Salik Ahmed, Danish Raza n [email protected]
Over a period of five years, an unclenephew duo allegedly stole 50 million litres of crude oil from the country’s largest onshore oil field in Rajasthan. This is how they pulled off the staggering theft
As and when people at loading and unloading points found out about the heist, Bhoor Singh and Gautam Singh offered them commissions to remain quiet. Eventually, they had managed around 40 people. DR GAGANDEEP SINGLA, SP, Barmer
From page 3 The Mangala field in Jaipur’s Barmer district, 125 km from the Pakistan border, is the country’s largest onshore oilfield. At 5.30 pm, 12 oil tankers with crude oil sourced from well pads, queue up outside the field colloquially known by its abbreviation–MPT (Mangala Processing Terminal); the hum of engines reverberates through the sand dunes overlooking the terminal; small groups of drivers play cards beneath neem trees leading to the MPT gate; and soon, the street lights in the small township adjacent to the plant are switched on. In the next few hours, oil tankers will unload crude oil that will contribute to MPT’s daily production, 1.75 lakh barrels.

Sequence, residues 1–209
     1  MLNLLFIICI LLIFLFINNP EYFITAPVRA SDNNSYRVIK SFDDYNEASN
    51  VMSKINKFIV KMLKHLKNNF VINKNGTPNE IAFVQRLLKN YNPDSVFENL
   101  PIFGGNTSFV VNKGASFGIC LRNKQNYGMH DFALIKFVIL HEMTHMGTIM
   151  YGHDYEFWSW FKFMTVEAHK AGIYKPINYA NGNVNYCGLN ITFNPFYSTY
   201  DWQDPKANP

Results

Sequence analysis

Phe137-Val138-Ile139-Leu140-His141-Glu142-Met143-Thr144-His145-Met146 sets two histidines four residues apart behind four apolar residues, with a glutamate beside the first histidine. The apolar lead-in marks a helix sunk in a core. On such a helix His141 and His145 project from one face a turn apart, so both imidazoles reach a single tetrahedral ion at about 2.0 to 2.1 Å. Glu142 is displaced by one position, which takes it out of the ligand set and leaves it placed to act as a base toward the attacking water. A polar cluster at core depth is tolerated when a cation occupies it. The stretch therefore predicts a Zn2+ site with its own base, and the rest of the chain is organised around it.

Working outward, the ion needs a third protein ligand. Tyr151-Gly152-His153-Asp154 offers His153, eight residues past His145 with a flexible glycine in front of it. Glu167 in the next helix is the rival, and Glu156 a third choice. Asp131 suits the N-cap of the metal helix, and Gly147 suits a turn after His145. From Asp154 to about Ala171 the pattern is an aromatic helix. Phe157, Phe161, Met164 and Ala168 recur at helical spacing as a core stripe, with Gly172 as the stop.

MPT contributes about 25 per cent to the country’s domestic crude production.
Sometime in 2012, at least 30 tankers cumulatively began emptying crude oil at alternative locations before reaching MPT. Over the next five years and six months, the volume of stolen oil that was originally meant for the Mangala field would become roughly five crore litres.
Between 15,000-20,000 litres of crude oil was stolen every day until three months ago, when the Barmer police arrested Bhoor Singh Rajpurohit (42) and his nephew Gautam Singh Rajpurohit (28), the alleged masterminds of one of the biggest oil robberies in India’s recent history.
BARMER AND OIL
Barmer, India’s second largest Lok Sabha constituency in terms of area – five times as big as Delhi – was a nondescript outpost until 2004 when Cairn Oil and Gas, a Vedanta Group company, discovered oil reserves here.